The gravamen of Plaintiff’s complaint is that when the revenue from his accounts diminished, Cotiviti did not offer to transfer him to an open position in the company, and that it made this decision because of his age. Pl.’s Obj 3-4. Plaintiff points to four pieces of evidence to support his claim that Cotiviti’s stated reason is pretext hiding a discriminatory motive: (1) the variance from a purported policy of transfers for Audit Managers and Directors; (2) Mr. Weiser’s decision to transfer three older members of his team to a different region; (3) statements made by Mr. Weiser while firing the Plaintiff; and (4) testimony from Plaintiff’s former boss that there was pressure from senior leadership at Cotiviti to “get younger.” Id. at 8-11. The Court reviews each in turn, in the light most favorable to Mr. Travers.

First, Plaintiff argues pretext is shown by Mr. Weiser’s departure from a purported policy at Cotiviti of transferring Audit Managers and Directors instead of firing them. See id. at 9. As Defendant points out, there is no affirmative requirement that Mr. Travers’ employer offer him a transfer when the company is reducing its workforce. See Def.’s Mem. 13; Webber v. Int'l Paper Co., 417 F.3d 229, 240 (1st Cir. 2005) (“[A]n employer undertaking a [reduction-in-force] is not required to offer an employee a transfer to another job position[.]”) (collecting cases). Even so, a company must treat age neutrally; if it offers transfers regularly, it may not decline to do so in a particular case because of an employee’s age.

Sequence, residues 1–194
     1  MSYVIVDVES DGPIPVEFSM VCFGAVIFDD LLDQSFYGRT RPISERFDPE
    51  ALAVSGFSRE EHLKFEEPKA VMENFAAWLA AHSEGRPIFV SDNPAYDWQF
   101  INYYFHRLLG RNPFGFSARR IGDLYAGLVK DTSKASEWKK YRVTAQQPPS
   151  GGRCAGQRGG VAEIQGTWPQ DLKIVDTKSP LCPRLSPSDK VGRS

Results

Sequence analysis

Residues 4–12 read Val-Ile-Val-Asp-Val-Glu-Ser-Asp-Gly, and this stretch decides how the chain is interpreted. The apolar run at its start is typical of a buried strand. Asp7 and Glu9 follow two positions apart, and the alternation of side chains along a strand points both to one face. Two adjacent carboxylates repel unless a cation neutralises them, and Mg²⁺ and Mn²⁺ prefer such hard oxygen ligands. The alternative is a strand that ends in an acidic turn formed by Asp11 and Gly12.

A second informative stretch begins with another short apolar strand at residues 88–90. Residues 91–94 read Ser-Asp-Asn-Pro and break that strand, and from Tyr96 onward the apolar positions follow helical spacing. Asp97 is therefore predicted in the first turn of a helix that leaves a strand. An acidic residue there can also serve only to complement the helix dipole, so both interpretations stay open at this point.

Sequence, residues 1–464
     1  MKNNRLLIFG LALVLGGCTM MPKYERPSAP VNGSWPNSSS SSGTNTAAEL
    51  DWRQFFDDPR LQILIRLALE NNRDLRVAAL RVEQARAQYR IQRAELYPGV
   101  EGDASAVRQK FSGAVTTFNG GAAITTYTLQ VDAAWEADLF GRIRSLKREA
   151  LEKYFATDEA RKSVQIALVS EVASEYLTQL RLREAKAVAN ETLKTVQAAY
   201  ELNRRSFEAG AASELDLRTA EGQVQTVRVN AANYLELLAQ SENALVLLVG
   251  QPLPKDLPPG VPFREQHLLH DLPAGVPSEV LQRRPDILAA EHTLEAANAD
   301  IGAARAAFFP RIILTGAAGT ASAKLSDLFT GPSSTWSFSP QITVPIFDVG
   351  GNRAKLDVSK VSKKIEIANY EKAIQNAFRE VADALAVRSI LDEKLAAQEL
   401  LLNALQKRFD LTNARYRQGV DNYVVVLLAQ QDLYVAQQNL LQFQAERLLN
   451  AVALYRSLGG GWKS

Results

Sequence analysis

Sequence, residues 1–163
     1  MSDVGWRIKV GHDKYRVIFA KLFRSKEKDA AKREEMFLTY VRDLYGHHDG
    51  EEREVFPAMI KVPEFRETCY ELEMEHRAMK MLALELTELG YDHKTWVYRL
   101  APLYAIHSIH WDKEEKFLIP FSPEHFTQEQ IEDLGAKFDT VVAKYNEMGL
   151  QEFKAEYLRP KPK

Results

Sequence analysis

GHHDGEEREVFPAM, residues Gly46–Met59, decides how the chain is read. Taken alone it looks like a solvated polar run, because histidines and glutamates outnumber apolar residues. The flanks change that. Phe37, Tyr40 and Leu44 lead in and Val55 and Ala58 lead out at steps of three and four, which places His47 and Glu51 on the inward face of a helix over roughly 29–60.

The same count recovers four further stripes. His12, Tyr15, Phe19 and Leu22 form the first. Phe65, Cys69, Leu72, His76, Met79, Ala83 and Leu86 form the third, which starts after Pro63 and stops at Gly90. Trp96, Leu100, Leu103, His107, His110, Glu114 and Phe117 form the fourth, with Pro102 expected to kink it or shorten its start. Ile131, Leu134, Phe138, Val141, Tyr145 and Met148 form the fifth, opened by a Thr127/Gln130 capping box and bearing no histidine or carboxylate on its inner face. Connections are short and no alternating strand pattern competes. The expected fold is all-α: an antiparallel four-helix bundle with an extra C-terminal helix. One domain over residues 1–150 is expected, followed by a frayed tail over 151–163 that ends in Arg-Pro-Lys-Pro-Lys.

Yet the connection to his age is precisely where Mr. Travers’ evidence falls apart. In his effort to establish Cotiviti had a practice of transferring Audit Managers and Directors, he points to ten individuals who were allegedly offered transfers in lieu of termination. 7

Pl.’s Obj. 3-4, 9. Regardless of whether these individuals were actually in a similar position to Mr. Travers, all ten are within his protected class (over 40), and seven are older than him. Def.’s SUF ¶ 36. This evidence undercuts Plaintiff’s claim that age was the real reason he was not offered a transfer, and declining revenues a mere pretext. Even if Cotiviti did have a policy of transfers, and even if it did apply it to these ten employees, both of which are disputed, Cotiviti clearly did not have a problem dispensing transfers to older workers. Plaintiff’s own evidence shows it did so regularly. If it did not do so in Mr. Travers’ case, this evidence does not suggest age was the reason.

Second, Mr. Travers points to the fate of his team to support his claim that Mr. Weiser held a discriminatory animus against older employees. Pl.’s Obj. 10-11. Shortly after his firing, the